Abnormal physiological sign- abnormal blood pressure, erratic pulse, rapid breathing.

Sign of pathology- abnormal heart sound, a lump or bump.

What patient says

I’m bleeding, I can’t swallow, I’m going deaf, I can’t see

Did you spot the sign in the picture above? The problem with this scenario is that the signs of symptoms do not always evoke the necessary response. It may be too subtle, it may be presented when the doctor is distracted or it may not be recognised. Unfortunately in some instances the condition may be life threatening and therefore it is critical that the ‘signal’ is reliable. Much effort is expended in training health practitioners to be able to respond when required, unfortunately this effort is rarely maintained beyond the initial years of training.

High motivation but hard to do

This relates to patients who could be offered a treatment that the health practitioner knows might help but is hard to provide in the particular circumstances. Imagine traveling abroad and wishing to communicate with someone who doesn’t speak your language. Or wanting to donate money to a charity and not having access to the means to do it.

The triggers to act in these circumstance are what Fogg has dubbed  ‘facilitator triggers‘. Think of:

  • “Tip jars” at the cash register
  • “Add to cart”
  • ” Click on this link”

There are several such ‘facilitators’ in medicine:

  • In house referral cues
  • Desk top protocols for prescribing unfamiliar drugs
  • Charts with instructions from an expert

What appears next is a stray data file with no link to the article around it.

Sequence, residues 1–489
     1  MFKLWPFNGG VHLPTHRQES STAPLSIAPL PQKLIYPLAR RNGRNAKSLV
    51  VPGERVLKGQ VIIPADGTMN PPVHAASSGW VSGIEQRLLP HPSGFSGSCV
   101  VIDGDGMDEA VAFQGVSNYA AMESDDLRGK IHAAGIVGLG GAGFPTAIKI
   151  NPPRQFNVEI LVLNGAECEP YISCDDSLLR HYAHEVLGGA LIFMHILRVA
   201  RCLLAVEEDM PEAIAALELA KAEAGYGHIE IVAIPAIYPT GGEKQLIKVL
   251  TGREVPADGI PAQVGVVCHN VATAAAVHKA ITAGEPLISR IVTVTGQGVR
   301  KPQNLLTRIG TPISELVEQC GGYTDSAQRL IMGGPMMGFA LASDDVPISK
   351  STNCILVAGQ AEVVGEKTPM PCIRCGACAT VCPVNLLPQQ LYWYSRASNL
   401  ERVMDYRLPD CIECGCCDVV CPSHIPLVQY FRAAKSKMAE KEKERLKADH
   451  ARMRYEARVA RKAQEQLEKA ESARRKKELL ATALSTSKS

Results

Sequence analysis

This trigger has to be available while the practitioner is consulting the patient. It has to be recognised as relevant to the patient concerned and it has to be reinforced by a good experience when it triggers the relevant action- usually a referral or prescription. The trigger both prompts and makes it easier to act.

Low motivation and easy to do

In these circumstances the practitioner is not motivated to do the action but it is easy to do and that behaviour is triggered by something that increases the motivation.

Think of littering.

In medicine this might include:

  • Prescribing an expensive drug when cheaper alternatives are available
  • Ordering unnecessary tests
  • Ignoring warnings of potential drug interactions

There are several ‘spark triggers‘ for such behaviours in healthcare.

What the patient, their family or an expert say or are perceived to say

I demand /recommend this test / prescription / referral.

How the practitioner is feeling or even the time of day

Tired people will behave irrationally or even irresponsibly (e.g. littering)

What the practitioner believes at the time
  • Promotional material from a pharmaceutical company- pens with company logos

In this case the focus is on removing these triggers or making it more difficult to act on the unhelpful trigger. Health care funders often seek solutions in this category. Occasionally a behaviour is desirable- e.g. referral to an NGO for support, in which case the trigger needs to be generated.

Low motivation and hard to do

When people believe they have nothing to gain from an action and they perceive that is it too difficult to respond the action cannot be triggered.

These circumstances are easy to recognise:

  • Being invited to donate a large sum to a cause that does not resonate with your interests / values
  • Spending time on an activity at great opportunity cost.

Several examples in healthcare include:

  • Offered to do research when there is little or nothing to gain from being involved personally
  • Being invited to specialise in a condition that rarely presents in practice.
  • Asked to employ someone who does not generate value to the business / clinic / institution